Matthew Fuller: Search Engine Alternatives

On: November 15, 2009
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About Chris Castiglione
Chris is an alumni of Universiteit van Amsterdam and the New Media M.A. Currently, he is the co-founder of One Month (www.onemonth.com), and the host of the On Books (www.on-books.com) podcast.

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Society of the QueryThe search market is a multi-billion dollar industry, and given such potential to capitalize there is a large window of opportunity with a vast range of possibilities for the future of search. The mythology of the search engine is that there is only one type of user and only one end-point for any given search. Matthew Fuller, author of a number of books on art, media and software, dismisses such narrow thinking by welcoming a cast of “alternative search engines” that offer some variety to the classic retrieval model of search.

In 1998 at Stanford University, Larry Page and Sergey Brin presented a paper that documented the structure of a “large-scale hypertextual web search engine” called “Google”. Fuller believes that Page and Brins’ paper is the backbone of all web searches and that within their methodology lies the foundation for other possibilities in the field of search. “If we understand the dynamics and conditions of what comprises a search engine, and if we think it through with a biological metaphor (as having an anatomy), then we can understand how search engines are induced to change ,” said Fuller.

Fuller went on to present a handful of alternative search engines that are augmenting search:

Viewzi

Viewzi's Timeline View

Viewzi provides a variety of different views for searching the web. As an example, Viewzi can present data on vector space where the most relevant data appears closer to the user and the least relevant data further away. In addition, it can Viewzi can then make connections between two different search queries, or it can arrange the items on a visual timeline. Fuller added, “Viewzi sets up multiple views and multiple structures that are different than what we are used to, very different from a flat list.”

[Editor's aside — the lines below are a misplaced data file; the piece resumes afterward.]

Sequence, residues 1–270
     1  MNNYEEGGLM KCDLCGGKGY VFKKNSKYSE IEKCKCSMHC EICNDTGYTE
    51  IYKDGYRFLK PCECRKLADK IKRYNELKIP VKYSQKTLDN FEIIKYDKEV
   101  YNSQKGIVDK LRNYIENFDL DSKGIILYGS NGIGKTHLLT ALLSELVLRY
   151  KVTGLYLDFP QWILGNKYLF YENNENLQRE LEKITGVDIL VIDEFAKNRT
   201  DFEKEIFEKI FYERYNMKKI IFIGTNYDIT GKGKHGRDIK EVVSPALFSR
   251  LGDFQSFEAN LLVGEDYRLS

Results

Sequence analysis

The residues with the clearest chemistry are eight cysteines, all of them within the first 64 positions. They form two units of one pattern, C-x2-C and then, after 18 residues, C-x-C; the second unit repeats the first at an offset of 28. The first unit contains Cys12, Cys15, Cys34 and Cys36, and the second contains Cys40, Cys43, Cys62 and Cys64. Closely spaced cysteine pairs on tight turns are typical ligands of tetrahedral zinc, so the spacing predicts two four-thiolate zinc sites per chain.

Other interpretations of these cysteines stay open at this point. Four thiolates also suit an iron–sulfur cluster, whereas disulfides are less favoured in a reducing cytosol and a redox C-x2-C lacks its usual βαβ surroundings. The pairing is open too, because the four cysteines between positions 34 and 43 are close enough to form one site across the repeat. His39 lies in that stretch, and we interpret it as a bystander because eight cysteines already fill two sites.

oamos

Oamos's Search Results

Oamos is the search engine of saturation, entertainment and chaos. Fuller explained, “Rather than an analysis of discreet, rationally composed information, Oamos is about information as a search experience.”

kartoo

Kartoo's Search Results

Kartoo is a network visualization that reveals your search by mapping data within relationship similar data on the network.

There doesn’t only have to be “one slot to put your data”, “one button to press”, and “one way to return results.” What these examples show is a more multi-linear search which is different from the very flat, linear results given by Google. In conclusion Fuller affirmed, “Designing interfaces that match the potential for the Web’s complexity are underdeveloped, and this will be the challenge for the next wave of search.”

Society of the Query

One Response to “Matthew Fuller: Search Engine Alternatives”
  • November 23, 2009 at 12:39 pm

    When Fullen says that the backbone of all (new) search engines lies in the paper written by the two google founders this means that the forming of new search engines is limited. Since they always have to found some way to be different from Google while making using of the same basic principle. I wonder whether it wouldn’t be easier just to start from scratch.

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